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<strong>12 Hours to Kill in Austin, Texas</strong>

Having just about 12 hours to spare between two connecting flights, we decided to visit the hip town of Austin. Consecrated as the music capital of the country I must say that during the day, not much music was heard in the streets, besides from a couple of bars on 6th street.
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Having just about 12 hours to spare between two connecting flights (can you believe it? mystery of cheapo travels!), we decided to visit the hip town of Austin. Consecrated as the music capital of the country -- yes, before Nashville -- I must say that during the day, not much music was heard in the streets, besides from a couple of bars on 6th street. But musicians are known nocturnals, so we will have to miss that, as our 12-hour window is just the day long.

We started at the bottom of downtown, where the river marks the beginning of that area. Not very many terraces along the water, I was a little disappointed. It seems strange to me that so few cities actually develop a walking waterfront with many shops and restaurants overlooking the water. It's a very Australian thing -- but I guess the rivers here are too unpredictable to be safely allowing businesses to install outdoor areas, although they could always raise them -- but I am no architect.

After visiting the obligatory Whole Foods Market, born here in Austin, having been created in 1980 by John Mackey. The legend has it that he borrowed money from his family to open a small natural foods store where he was also living, showering with a water hose attached to a dishwasher.

We then walked (that is all we did all day) to a nice little café (Jo's Coffee on Second street) with outside seating. Plenty of dogs and water bowls were a proof that Austin is pet-friendly and many hipsters have dogs of all sizes. The joint serves griddled sandwiches, not just toasted, but with big black stripes on them, a delight. I ate fried avocado for the first time, divine. Their hibiscus red ice tea is a real treat too, no sugar.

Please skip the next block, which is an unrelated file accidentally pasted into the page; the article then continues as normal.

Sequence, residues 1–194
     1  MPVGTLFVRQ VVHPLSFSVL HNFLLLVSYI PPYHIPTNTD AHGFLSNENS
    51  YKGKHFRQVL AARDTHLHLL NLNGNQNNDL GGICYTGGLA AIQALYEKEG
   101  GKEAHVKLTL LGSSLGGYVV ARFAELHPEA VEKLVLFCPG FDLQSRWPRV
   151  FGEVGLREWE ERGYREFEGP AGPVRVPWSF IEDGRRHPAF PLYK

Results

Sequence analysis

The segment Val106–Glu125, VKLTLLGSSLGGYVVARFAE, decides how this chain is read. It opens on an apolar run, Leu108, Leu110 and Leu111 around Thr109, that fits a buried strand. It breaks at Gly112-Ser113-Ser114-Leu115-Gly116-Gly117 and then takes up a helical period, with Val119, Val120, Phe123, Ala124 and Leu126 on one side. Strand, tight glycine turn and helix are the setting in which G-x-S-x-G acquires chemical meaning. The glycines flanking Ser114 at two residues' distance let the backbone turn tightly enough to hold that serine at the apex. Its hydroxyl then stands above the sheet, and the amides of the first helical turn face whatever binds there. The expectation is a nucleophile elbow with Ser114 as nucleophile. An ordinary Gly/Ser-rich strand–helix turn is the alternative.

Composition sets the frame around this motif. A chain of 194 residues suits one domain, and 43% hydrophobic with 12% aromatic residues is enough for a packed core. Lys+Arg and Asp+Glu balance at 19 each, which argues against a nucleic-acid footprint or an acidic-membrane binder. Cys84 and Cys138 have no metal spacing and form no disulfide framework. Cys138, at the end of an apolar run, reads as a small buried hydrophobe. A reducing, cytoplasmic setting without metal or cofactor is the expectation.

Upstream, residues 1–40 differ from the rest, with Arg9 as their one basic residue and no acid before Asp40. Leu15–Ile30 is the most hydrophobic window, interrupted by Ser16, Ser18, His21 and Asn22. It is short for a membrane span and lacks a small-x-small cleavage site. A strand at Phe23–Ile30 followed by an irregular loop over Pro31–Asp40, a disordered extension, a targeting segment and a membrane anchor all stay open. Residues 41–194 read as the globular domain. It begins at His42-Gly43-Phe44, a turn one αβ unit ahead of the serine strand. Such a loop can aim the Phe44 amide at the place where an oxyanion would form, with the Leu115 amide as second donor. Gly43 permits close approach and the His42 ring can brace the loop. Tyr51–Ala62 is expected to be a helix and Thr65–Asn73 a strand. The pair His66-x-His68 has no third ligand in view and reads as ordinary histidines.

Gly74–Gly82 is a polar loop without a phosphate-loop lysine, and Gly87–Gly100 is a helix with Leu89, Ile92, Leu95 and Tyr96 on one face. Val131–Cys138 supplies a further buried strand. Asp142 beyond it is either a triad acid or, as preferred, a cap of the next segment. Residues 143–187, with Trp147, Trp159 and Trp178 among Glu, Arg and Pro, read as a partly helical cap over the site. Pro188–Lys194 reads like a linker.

The pigeons around were frightening, landing on the tables to try to steal your food, as you sit there, they are so daring! And when customers leave the table, the rush hour of birds is an insane thing to see; the voracious pigeons steal the leftovers in an instant. I am used to Parisian pigeons, but those are fierce, they're from Texas!

Austin, Capital City.

Then we hiked to the Texas State Capitol building, a grand edifice shaped as the rounded ones like those in every other state, but this one is of pinkish-ochre color. The inside rotunda has a whispering gallery spot in its center, at the hemispherical enclosure right under the center of the dome, where a whisper is supposed to be heard loud and clear in other parts of the gallery.


We tried, but all we got were nice pictures, our whispers did not get transmitted, maybe because of my French accent! Many people tried, some claimed they heard the echoes. Everybody was setting their smart phones under the dome to get a picture of it, see mine here.

Some Art on The go.

Then we crossed over to exit on the other side of the tall building to walk another four blocks to the Blanton Museum. A magnificent blue ombré wall and stairs welcome you inside, a very spectacular effect, somewhat similar to the grand entrance of a blue aquarium.


The exhibits on show now include Moderno: Design for Living in Brazil, Mexico, and Venezuela, 1940-1978 (till Jan. 17, 2016). Mostly furniture of a certain style, sometimes very kitschy, showing how to live in warm countries.

Another exhibit was Natalie Frank: The Brothers Grimm (till Nov. 15). Some 30 gouache and pastel drawings by Frank, a New York-based Austin native. A personal representation of the 19th-century fairy tales of Jacob and Wilhelm Grimm -- such as Cinderella, Snow White, The Lettuce Donkey and The Ungrateful Son.

Traffic Hell.

Buses on Congress Avenue do not ever show up, so we walked down back to where we had left our car, a downtown garage on Lavaca and Willie Nelson street (!) where the stamping machine was broken so we ended up not paying for parking at all! Not bad in a city famous for its high rates.

The traffic is notoriously hell in Austin, and even thought we left after rush hour, we still had to sit idle many-a-time on the expressway back to the airport. My recommendation: do not rent a car, take a shuttle to the center of town and walk, or even rent a bike. The city is part of the Hill Country and small hills and elevations are everywhere, making its streets sometimes steep and probably hard on a bike.

This also makes for marvelous views of tree tops and undulating river bends. The phenomenal amount of construction cranes you see everywhere in the center of the city is a testament to the growing pains Austin is still going though, even if they run out of land space, it seems that they are determined to grow upwards. The very modern skyscrapers cityscape is gorgeous as you leave the city behind at dusk.

We had a good time and a nice day. We shall return at night for certain, we missed the nocturnal ambiance and the music everywhere in the streets. We also did not see the city's 1.5 million Mexican Free-Tailed Bats that live and fly out from underneath the Congress Bridge at dusk. Darn! It would have been a perfect Halloween wink!

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